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Holding Hands

By Brian Evans-Jones From Issue No. 5

Love—when you sat last night

in the old orange chair,  holding our baby

flat as a boneless doll in your lap,

and you told me about our daughter’s first morning at school—

how she went up to a girl in the corridor and said

Will you be my friend, and the girl said Sure,

and two new friends

danced off together—

as you pictured those two small beings for me

you raised your hands—let them fall—

drew curves, figures-of-eight, crescents, ogives

to show their dance;

and your hands

covering your bright green $3 shirt

turned red to me—

my retinal cones, tired out by the green, omitted it;

made your hands look as if you’d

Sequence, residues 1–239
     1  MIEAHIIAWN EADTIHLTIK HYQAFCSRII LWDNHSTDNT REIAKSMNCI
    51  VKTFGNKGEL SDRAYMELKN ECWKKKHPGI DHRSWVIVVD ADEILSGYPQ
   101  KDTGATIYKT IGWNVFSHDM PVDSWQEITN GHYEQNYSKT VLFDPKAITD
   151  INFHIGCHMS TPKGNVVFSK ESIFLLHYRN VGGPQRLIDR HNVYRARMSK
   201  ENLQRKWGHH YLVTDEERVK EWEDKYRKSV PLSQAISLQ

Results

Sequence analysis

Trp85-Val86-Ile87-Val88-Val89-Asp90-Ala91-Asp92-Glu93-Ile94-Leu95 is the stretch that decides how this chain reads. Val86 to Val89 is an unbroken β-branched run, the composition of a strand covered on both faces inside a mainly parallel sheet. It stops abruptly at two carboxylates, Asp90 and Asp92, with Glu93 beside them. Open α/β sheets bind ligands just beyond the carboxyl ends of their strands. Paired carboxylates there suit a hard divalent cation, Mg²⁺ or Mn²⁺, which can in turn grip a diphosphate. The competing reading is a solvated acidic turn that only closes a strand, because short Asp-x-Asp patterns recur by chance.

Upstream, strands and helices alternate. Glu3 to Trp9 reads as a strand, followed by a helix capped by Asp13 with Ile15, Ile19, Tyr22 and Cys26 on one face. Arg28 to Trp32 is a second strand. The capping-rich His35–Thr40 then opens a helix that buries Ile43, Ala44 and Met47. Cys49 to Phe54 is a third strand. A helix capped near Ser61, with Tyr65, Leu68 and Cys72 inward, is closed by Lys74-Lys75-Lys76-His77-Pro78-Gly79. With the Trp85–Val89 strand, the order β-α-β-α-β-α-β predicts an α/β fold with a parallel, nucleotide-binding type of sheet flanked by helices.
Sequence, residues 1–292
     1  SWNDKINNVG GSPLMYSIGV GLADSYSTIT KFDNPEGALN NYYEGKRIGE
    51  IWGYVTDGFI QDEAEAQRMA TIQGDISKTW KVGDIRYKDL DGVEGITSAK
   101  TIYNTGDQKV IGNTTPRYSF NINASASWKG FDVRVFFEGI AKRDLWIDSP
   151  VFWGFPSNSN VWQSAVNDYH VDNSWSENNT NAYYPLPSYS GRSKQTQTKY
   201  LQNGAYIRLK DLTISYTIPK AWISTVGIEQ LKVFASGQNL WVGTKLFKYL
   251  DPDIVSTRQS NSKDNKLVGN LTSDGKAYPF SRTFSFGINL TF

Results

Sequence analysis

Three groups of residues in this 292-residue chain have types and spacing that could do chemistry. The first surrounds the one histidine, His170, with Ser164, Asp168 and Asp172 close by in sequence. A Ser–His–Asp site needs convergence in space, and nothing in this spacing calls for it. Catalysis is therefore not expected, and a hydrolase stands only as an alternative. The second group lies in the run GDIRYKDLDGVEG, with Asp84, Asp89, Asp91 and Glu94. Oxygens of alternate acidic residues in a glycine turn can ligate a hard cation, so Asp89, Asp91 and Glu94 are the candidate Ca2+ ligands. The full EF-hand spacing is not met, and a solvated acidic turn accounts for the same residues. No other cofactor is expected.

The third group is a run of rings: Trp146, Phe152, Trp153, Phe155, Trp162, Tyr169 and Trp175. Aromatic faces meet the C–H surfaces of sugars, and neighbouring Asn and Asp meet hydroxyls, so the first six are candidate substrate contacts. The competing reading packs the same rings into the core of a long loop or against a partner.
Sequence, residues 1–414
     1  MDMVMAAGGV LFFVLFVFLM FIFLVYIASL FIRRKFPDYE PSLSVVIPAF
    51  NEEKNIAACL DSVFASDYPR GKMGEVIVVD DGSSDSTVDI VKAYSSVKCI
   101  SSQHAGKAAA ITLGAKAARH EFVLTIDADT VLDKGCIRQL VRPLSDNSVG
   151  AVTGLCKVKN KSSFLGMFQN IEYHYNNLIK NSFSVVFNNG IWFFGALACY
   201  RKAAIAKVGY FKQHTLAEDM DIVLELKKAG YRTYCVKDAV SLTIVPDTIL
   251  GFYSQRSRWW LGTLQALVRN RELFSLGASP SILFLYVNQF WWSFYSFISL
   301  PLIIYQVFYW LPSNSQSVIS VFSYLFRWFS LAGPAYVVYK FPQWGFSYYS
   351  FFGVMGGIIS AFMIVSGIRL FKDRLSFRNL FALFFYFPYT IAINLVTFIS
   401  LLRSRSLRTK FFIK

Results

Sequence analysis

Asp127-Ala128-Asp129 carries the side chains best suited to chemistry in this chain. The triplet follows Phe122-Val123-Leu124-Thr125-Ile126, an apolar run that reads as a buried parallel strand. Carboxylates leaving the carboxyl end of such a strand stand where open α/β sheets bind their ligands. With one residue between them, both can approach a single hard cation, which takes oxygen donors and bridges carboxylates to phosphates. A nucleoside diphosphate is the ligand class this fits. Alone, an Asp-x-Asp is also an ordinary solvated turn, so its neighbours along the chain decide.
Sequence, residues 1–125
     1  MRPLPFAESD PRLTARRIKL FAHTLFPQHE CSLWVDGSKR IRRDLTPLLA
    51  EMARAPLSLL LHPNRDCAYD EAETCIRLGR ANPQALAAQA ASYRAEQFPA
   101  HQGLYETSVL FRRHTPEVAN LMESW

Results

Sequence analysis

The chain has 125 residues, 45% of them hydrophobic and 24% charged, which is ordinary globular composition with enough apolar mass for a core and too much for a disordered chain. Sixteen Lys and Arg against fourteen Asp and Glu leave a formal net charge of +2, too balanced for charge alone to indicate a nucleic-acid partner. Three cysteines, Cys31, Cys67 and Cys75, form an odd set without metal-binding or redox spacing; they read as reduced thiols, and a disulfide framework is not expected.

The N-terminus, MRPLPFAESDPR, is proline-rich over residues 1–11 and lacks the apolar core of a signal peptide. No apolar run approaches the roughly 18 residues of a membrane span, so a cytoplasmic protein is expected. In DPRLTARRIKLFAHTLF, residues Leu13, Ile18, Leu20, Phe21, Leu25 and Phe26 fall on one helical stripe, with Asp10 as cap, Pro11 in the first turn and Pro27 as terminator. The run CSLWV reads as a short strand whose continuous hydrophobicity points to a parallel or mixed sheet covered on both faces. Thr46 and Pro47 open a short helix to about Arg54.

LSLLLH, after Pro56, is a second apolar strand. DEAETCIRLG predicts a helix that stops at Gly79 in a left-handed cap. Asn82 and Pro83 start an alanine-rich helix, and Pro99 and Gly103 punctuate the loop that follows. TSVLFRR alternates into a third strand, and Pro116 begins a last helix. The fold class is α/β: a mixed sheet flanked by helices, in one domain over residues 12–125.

dipped them in blood.

And I can’t think of a less right

thought for your hands, which hold

our baby at your breast till he sleeps,

make pizzas for snack time,

wipe tears and snot from noses,

catch crumbs, drinks, limbs,

and which if they are covered

are covered with dribble, spit-up, milk—

Perhaps what I saw was not blood on

but blood in—the red of you inside

as if I for once forgot

to stop at your skin and you showed me

what you are without show—

I don’t know

But lift up your hands

and give them to me.

About Brian Evans-Jones More From Issue No. 5